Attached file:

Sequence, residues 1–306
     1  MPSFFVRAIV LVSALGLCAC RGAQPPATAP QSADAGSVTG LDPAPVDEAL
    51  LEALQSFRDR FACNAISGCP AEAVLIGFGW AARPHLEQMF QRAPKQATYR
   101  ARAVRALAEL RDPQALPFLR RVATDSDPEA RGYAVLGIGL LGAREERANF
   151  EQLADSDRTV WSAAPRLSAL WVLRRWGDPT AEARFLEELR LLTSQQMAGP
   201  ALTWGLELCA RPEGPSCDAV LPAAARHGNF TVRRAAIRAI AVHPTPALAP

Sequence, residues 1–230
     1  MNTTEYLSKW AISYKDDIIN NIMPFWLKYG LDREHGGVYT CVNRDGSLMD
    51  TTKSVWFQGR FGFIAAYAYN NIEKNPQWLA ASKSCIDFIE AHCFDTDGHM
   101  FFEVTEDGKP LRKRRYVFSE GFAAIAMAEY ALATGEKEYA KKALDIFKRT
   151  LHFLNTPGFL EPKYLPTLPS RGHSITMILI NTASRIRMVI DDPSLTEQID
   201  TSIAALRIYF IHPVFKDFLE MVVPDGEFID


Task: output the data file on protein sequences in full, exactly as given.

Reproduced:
Sequence, residues 1–306
     1  MPSFFVRAIV LVSALGLCAC RGAQPPATAP QSADAGSVTG LDPAPVDEAL
    51  LEALQSFRDR FACNAISGCP AEAVLIGFGW AARPHLEQMF QRAPKQATYR
   101  ARAVRALAEL RDPQALPFLR RVATDSDPEA RGYAVLGIGL LGAREERANF
   151  EQLADSDRTV WSAAPRLSAL WVLRRWGDPT AEARFLEELR LLTSQQMAGP
   201  ALTWGLELCA RPEGPSCDAV LPAAARHGNF TVRRAAIRAI AVHPTPALAP

Sequence, residues 1–230
     1  MNTTEYLSKW AISYKDDIIN NIMPFWLKYG LDREHGGVYT CVNRDGSLMD
    51  TTKSVWFQGR FGFIAAYAYN NIEKNPQWLA ASKSCIDFIE AHCFDTDGHM
   101  FFEVTEDGKP LRKRRYVFSE GFAAIAMAEY ALATGEKEYA KKALDIFKRT
   151  LHFLNTPGFL EPKYLPTLPS RGHSITMILI NTASRIRMVI DDPSLTEQID
   201  TSIAALRIYF IHPVFKDFLE MVVPDGEFID